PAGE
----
Why Runners Should Train on Pavement

Wednesday, July 15, 2015 | By Ben Rosario
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Why Runners Should Train on Pavement

For years we’ve heard that runners should be avoiding hard surfaces. We should be running on dirt roads, gravel paths, grass fields- anything but the dreaded pavement. But here’s the thing— each of those surfaces provide different energy returns, different challenges for your feet, your ankles, your quads, your hamstrings and the other muscles used for running. It only makes sense then, that anyone training to race 13.1 or 26.2 miles on pavement needs to get their body prepared to handle that particular surface.

It’s been my experience that marathoners and half marathoners who do the majority of the their hard workouts on pavement end up the most ready to handle the rigors of the road come race day. I have our HOKA NAZ Elite athletes run most of their easy runs on soft surfaces, but when it comes to the tough sessions during a marathon or half marathon training segment we are almost always out on famous Lake Mary Rd. In our case, Lake Mary is a long, beautiful country road with a wide shoulder and I’ve marked every quarter mile for 16 miles. Even if you don’t have the scenery that Lake Mary possesses, most cities have a bike path of some kind that will provide you exactly the surface you need to train for a long road race.

Preventing the Bonk

I’ve made plenty of coaching mistakes over the years, but one thing I’m really proud of is that I have very rarely had an athlete “bonk” in a marathon. A lot of people associate bonking or late-race cramping with a lack of fuel, but I believe that in many cases it’s actually just the cumulative effect of stride after stride on the pavement getting the best of those who were unprepared to handle that sort of pounding.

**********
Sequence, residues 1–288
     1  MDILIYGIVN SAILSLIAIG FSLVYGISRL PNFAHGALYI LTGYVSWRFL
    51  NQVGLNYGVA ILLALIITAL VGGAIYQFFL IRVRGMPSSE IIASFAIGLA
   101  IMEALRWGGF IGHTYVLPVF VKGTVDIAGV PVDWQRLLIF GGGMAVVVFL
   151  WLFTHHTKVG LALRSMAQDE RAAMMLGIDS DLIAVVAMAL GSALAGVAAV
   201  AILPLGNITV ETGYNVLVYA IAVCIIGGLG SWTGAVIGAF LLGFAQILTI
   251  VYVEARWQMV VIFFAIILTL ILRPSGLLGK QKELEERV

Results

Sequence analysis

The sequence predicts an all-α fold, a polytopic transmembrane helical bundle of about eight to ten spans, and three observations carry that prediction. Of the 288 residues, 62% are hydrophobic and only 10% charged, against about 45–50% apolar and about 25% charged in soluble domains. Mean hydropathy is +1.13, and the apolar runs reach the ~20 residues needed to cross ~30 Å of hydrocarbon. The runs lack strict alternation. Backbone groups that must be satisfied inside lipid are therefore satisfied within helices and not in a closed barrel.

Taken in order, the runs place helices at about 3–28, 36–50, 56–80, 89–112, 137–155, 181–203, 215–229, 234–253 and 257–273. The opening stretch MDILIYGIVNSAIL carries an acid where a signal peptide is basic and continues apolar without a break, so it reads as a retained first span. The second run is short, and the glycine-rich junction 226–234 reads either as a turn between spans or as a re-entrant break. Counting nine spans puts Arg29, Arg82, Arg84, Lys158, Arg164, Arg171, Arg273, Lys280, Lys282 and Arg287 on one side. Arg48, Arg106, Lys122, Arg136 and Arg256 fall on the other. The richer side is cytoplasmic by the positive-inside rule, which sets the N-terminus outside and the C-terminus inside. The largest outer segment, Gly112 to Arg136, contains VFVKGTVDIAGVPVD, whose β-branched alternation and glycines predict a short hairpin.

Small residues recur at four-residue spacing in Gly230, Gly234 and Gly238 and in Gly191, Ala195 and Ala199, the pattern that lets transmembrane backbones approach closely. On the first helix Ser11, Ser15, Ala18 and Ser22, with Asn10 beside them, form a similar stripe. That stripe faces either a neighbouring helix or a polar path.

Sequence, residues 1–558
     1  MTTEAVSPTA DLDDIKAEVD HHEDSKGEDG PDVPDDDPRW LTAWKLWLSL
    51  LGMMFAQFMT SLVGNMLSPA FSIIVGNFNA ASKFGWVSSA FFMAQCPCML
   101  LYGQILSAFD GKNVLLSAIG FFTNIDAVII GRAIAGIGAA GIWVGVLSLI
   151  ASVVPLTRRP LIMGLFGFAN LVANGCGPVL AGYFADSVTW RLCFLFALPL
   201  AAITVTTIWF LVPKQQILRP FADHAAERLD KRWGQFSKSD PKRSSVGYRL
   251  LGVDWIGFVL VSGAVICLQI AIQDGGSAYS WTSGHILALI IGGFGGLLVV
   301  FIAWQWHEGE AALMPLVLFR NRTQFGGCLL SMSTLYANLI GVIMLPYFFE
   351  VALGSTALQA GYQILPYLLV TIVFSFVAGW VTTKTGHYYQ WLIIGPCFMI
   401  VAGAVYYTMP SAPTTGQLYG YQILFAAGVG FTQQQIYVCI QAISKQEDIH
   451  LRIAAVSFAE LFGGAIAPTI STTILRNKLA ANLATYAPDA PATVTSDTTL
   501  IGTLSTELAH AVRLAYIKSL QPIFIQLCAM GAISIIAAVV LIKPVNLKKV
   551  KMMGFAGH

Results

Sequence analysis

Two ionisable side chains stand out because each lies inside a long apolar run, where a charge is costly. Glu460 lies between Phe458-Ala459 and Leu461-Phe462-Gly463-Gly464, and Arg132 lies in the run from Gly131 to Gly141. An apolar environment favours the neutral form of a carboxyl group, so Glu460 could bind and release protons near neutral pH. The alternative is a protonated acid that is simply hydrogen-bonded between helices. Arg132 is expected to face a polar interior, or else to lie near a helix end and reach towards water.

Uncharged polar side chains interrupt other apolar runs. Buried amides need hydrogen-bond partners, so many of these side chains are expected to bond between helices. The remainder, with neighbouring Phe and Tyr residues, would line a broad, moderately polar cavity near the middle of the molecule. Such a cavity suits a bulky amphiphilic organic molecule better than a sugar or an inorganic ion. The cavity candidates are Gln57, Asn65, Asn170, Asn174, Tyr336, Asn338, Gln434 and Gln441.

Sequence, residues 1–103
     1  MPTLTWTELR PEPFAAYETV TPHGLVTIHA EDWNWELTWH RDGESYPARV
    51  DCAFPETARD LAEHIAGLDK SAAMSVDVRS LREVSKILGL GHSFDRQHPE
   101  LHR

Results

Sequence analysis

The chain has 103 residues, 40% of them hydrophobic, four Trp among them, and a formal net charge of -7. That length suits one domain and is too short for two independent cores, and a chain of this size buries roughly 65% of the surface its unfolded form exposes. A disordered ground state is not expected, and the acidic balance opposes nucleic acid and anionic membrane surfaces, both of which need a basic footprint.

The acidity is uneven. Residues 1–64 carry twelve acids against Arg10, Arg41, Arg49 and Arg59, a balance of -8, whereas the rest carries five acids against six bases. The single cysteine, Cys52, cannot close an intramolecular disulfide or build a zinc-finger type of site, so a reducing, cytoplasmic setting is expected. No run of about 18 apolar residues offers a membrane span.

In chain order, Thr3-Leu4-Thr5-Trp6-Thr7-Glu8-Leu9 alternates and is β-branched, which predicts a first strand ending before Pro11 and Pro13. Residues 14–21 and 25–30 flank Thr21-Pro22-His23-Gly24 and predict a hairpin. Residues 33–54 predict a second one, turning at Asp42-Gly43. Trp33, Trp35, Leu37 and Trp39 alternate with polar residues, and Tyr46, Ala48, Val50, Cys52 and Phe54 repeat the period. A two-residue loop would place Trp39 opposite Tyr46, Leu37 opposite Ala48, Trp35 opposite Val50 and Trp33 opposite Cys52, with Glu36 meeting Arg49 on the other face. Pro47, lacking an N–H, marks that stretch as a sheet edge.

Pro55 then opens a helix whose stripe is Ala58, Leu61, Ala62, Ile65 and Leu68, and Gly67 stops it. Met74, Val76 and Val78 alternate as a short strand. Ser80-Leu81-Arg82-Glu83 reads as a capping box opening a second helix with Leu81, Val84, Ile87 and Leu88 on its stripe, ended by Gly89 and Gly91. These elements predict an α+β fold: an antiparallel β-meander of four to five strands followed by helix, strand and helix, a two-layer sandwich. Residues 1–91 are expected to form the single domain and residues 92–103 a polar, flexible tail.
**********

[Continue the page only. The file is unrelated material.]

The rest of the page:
But what about injury risk? I do believe that pavement is a little harder on the body overall than a soft surface. However, I do not believe that it necessarily leads directly to injury. There are plenty of other variables from shoes, to bone density, to ligament strength and more, that also come into play.  I can only speak anecdotally but nothing in my experience would suggest that doing marathon and half marathon workouts on pavement lead to any sort of higher injury risk.

Road Specific Workouts

So if you’re someone who has had trouble with your lower legs cramping up or your quads feeling shot late into a marathon or half marathon, or even the run portion of an Ironman or Half Ironman, then I’d highly recommend getting out and training on pavement for some hard workouts. And again, I still like soft stuff for the majority of your easy runs, but the race specific work should be done on race specific surfaces. Here are a just a couple of workouts tailor-made for the roads:

2-mile Repeats

3-5 x 2 miles with a 1/2 mile recovery “float” in between. Each 2- mile gets progressively faster. Each "float" remains at 1 minute slower than the fast end of Zone 3 pace (see Joe Friel training zones). Start the 2-mile repeats at the fast end of Zone 3 pace and go 5-10 seconds faster per 2-mile. Finding a well-marked road or bike path for this one is awesome.

Cruise 1ks

This one is great because you don’t even need a long path. As long as you can find one kilometer of pavement you can just go out-and-back and you’re good to go. I love doing this one right at goal half marathon pace. Do 12-15 x 1k at that pace with 1 minute recovery. That may sound like a lot but a half marathon or marathon is a long way! Getting 7.5 – 9.3 miles worth of work in on the pavement is a great workout for toughening the legs.

So get on out there and pound the pavement a little bit. Your legs will thank you on race day!

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